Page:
Saturday, August 9, 2014

Jill Fritz: Trust voters to decide on wolf hunting

Aug. 8, 2014   |  
Jill Fritz
Jill Fritz
Twenty-three wolves were killed during Michigan's first wolf hunt in four decades. A political contest of referendums and initiated legislation is under way to determine whether the previously endangered animals will be hunted in the future.
Twenty-three wolves were killed during Michigan's first wolf hunt in four decades. A political contest of referendums and initiated legislation is under way to determine whether the previously endangered animals will be hunted in the future. / Associated Press file photo
There’s no better way to assess what the people of Michigan want than to allow them to vote on it.
When lawmakers return to Lansing on Wednesday, they’ll have an opportunity to restore respect for the democratic process by rejecting an initiative put forth by the pro-wolf-hunting group “Citizens for Professional Wildlife Management.” This initiative is a thinly veiled attempt to circumvent nearly one-half million Michigan residents who signed petitions during two referendum campaigns to stop wolf hunting.

In late 2012, soon after wolves were removed from Endangered Species Act protection, Sen. Tom Casperson, R-Escanaba, passed a law designating them as a game species, over the strenuous objections of citizens, scientists, Native American tribes and conservationists. In response, Keep Michigan Wolves Protected was formed to exercise our right to referendum of newly-enacted laws, and soon collected more than enough signatures to place that law on hold until citizens could decide in the November 2014 election.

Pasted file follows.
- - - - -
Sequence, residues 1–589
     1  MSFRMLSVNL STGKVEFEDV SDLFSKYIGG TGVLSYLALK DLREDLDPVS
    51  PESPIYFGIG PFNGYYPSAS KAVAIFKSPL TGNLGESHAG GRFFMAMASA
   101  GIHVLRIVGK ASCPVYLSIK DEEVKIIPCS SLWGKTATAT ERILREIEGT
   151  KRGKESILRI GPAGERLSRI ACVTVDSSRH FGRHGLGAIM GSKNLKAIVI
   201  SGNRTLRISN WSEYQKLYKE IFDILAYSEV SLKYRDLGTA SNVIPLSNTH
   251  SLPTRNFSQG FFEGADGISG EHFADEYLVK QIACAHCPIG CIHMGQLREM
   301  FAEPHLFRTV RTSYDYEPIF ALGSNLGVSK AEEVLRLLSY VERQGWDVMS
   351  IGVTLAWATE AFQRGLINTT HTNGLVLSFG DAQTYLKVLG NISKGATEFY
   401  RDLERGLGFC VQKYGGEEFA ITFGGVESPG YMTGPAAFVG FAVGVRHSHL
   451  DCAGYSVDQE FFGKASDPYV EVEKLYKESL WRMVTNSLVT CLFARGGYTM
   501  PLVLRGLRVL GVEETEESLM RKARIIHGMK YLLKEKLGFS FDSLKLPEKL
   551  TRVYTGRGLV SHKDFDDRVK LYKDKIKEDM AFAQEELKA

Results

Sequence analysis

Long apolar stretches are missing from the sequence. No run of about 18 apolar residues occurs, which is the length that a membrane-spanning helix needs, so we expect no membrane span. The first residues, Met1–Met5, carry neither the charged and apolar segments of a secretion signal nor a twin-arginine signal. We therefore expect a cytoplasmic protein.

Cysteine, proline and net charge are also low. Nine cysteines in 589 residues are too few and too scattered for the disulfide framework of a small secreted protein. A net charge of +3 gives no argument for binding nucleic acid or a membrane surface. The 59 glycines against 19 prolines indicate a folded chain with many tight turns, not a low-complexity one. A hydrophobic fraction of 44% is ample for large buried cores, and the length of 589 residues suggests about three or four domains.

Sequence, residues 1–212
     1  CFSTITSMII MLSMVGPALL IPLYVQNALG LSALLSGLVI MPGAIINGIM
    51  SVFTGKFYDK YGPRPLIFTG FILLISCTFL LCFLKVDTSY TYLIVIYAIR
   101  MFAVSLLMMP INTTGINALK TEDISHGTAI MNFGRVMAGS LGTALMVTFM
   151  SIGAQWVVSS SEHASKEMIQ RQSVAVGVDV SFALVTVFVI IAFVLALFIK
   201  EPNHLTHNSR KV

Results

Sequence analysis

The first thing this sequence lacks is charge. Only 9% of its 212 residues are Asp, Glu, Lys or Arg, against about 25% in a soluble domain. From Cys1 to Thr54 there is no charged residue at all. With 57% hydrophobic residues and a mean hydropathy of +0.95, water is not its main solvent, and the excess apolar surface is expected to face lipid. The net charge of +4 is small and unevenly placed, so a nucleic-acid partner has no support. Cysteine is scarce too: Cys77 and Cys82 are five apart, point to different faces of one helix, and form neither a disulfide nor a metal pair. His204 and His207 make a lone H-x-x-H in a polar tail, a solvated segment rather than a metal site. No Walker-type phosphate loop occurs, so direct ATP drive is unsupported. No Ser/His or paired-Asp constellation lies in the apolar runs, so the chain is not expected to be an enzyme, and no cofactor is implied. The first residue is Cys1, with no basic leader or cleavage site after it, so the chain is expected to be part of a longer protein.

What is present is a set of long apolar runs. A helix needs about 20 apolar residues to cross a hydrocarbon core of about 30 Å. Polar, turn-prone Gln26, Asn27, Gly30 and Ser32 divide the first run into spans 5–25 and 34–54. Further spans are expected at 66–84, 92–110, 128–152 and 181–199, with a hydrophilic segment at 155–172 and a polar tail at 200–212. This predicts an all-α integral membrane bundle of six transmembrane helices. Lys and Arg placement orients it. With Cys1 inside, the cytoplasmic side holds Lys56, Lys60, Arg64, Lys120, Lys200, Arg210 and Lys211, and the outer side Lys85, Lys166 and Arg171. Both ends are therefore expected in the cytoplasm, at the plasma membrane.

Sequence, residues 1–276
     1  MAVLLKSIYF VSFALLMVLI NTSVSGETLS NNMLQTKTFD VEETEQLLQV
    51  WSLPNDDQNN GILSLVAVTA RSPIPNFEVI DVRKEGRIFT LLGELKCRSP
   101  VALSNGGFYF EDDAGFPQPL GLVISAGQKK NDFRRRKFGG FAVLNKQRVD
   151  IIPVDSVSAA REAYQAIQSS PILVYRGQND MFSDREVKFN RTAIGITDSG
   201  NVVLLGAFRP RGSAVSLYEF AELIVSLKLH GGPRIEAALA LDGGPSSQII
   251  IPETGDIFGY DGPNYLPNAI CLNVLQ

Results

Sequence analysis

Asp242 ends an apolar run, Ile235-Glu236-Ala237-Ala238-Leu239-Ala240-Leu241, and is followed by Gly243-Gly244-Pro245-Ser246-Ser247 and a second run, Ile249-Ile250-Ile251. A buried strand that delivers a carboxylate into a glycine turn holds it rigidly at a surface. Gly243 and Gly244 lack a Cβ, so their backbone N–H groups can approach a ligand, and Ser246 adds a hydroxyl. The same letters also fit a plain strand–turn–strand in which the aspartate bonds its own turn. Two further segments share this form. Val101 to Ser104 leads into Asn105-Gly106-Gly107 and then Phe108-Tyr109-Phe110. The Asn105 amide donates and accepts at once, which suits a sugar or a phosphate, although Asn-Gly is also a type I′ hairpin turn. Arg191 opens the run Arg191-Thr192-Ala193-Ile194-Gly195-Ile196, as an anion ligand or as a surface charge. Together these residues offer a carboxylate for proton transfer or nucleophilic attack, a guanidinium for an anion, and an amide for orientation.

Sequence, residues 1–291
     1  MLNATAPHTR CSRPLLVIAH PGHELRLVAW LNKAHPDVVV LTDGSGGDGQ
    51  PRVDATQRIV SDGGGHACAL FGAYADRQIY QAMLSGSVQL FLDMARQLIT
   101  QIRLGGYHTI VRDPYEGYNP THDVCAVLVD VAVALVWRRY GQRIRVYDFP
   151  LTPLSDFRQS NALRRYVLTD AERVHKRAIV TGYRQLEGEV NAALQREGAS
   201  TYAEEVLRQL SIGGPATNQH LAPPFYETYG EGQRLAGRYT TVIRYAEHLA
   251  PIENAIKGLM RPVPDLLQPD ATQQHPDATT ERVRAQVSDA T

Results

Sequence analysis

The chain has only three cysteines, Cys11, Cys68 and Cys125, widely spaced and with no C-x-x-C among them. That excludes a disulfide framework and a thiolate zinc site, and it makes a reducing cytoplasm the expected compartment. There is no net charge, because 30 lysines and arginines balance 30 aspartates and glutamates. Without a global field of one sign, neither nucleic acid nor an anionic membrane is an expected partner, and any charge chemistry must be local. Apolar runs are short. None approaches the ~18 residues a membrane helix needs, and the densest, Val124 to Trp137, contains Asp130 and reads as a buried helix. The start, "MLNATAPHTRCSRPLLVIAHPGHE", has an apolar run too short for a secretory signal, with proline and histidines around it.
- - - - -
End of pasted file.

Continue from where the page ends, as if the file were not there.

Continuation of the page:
But Sen. Casperson, sensing that voters would reject the trophy hunting of Michigan’s wolves, as they had the shooting of mourning doves in 2006, quickly passed a second law allowing the governor-appointed Natural Resources Commission to designate new game species instead — thus bypassing that referendum vote on the issue.

Keep Michigan Wolves Protected then conducted another referendum on that second law, hoping to have it overturned at the ballot box, too.

But trophy hunting and trapping groups, supported by Sen. Casperson, began an initiative campaign that rehashed that same law, giving power to designate game species to the NRC. To further confuse voters, they added a $1 million appropriation, ostensibly to stop Asian carp but in reality to prevent another referendum.

When that second bill was approved last spring, tales were circulating through the Legislature of a “growing population” of wolves stalking children on a playground, staring at people through their patio doors, and devouring livestock in increasing numbers. Some legislators believed they were passing a bill to address these incidents.

However, it was later revealed that the wolf population wasn’t growing and those scary stories were fabricated. This was acknowledged in a Senate-floor apology by Sen. Casperson that garnered national attention. An independent news investigation also revealed that one negligent farmer was responsible for two-thirds of U.P. wolf/livestock incidents, and when making its decision on a wolf hunt the NRC had ignored and deleted thousands of comments from Michigan citizens who opposed it.

Simply put, proponents of wolf hunting have lost their credibility in their rush to sidestep the will of the people. Now that lawmakers know about the misinformation behind that legislation, they have no excuse to re-approve it just because it has been repackaged as an initiative.
It’s time for legislators to respect the constitutional right of voters to approve or disapprove laws at the ballot box. They must trust the voters who put them in office, and let them have their say on this issue in the November election.

Keep Michigan Wolves Protected trusts our state’s voters to make the right decision.

Jill Fritz is director of Keep Michigan Wolves Protected.

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